Zimmer eventually discontinued the marketing and sale of the Durom Cup implant in the United States, but only for a couple of months. During the suspension, the company said it, “has found no evidence of a defect in the materials, manufacture, or design of the product.” Once the manufacturer revised the product’s labeling, it went back on the market.

Zimmer Durom Hip Cup Lawsuits

Soon after Zimmer introduced their Durom Cup hip implant to the market, patients began experiencing pain and suffering from the device’s failure. Hundreds of lawsuits were subsequently filed, citing Zimmer’s failure to disclose the device’s likelihood of rapid deterioration.

According to an article in the New York Times, “Zimmer data and interviews with doctors suggest that hundreds of patients might need [revision surgery] in the coming years.” A 2011 study found that, within five years post-surgery, the revision surgery rate for Zimmer Durom Cup hip transplants was close to 15 percent of patients. Some of the lawsuits filed by patients claim the revision rate is as high as 30 percent.

One of Zimmer’s own paid consultants, Dr. Lawrence Dorr, brought the high incidents of revision surgery to the company’s attention in 2007. He ceased using the device during his surgeries and reported his concerns to the FDA. In 2008, he warned other surgeons.

Lawyer for Zimmer Durom Hip Implants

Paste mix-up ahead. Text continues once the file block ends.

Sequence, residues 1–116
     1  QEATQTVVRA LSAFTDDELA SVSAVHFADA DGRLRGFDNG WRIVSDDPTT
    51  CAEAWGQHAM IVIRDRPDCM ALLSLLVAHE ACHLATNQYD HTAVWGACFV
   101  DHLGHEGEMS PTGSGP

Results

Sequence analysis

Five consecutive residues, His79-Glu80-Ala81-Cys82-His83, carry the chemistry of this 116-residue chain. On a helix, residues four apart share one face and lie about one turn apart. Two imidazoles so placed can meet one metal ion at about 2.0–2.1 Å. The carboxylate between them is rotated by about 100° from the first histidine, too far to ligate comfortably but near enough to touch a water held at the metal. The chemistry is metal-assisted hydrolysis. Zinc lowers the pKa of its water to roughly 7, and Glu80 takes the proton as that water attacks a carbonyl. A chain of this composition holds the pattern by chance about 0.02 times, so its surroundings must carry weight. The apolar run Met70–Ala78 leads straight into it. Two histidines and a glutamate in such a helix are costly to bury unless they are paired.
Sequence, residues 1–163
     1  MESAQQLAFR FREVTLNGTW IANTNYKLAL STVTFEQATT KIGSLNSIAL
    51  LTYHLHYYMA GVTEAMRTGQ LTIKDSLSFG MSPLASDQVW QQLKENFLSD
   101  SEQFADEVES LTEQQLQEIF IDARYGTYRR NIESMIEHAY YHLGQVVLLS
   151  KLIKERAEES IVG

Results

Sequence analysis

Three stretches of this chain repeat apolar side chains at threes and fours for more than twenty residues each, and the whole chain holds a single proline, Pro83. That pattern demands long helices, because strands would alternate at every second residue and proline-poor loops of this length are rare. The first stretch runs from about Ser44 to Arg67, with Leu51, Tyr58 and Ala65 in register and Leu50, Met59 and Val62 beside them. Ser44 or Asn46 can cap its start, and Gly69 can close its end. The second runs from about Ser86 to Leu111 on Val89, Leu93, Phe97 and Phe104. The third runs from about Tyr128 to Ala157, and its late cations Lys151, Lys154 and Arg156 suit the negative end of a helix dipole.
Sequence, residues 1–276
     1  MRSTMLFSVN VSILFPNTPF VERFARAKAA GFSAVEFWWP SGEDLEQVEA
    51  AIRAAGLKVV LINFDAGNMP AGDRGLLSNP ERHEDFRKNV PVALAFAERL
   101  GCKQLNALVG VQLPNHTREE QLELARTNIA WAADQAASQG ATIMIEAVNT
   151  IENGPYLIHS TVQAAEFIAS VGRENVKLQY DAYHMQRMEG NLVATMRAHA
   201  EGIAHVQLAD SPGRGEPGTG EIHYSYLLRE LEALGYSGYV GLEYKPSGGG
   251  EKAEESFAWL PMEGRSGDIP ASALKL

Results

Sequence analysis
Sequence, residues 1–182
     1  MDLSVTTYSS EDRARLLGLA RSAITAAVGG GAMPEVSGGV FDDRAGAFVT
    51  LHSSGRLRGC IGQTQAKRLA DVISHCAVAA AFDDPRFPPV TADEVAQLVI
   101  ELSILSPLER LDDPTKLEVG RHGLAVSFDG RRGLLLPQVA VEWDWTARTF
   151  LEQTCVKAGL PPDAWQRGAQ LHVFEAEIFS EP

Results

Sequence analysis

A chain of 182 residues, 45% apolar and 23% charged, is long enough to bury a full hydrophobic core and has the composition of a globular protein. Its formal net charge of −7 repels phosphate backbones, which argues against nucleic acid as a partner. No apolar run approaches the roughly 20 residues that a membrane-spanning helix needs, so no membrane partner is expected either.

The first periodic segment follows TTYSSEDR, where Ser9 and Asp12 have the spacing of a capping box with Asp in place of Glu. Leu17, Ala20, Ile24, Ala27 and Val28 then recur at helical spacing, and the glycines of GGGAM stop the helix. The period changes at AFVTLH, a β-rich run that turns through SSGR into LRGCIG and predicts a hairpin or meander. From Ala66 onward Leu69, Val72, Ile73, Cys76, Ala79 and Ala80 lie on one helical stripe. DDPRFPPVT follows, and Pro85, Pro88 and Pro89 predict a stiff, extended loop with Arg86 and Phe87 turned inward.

Lawsuits against Zimmer state that the company knew about the Durom Cup’s defects, but they continued to sell and market the device. Studies have shown the device fails at an alarming rate after less than five years. Hip replacements typically last up to 20 years. Zimmer has placed its shareholders financial interests before the health and wellness of patients seeking relief.

If you have experienced the failure of your Zimmer Durom Cup hip replacement, we can help you seek reimbursement for your pain and suffering. We do not imply that all Zimmer products are defective, but it can be determined through our comprehensive injury investigation. You may be entitled to recover damages against Zimmer if you have been injured. Contact defective medical device attorney Christopher Dixon to discuss your case by calling, (314) 409-7060 or Toll-Free at 855-55-BAD-DRUG.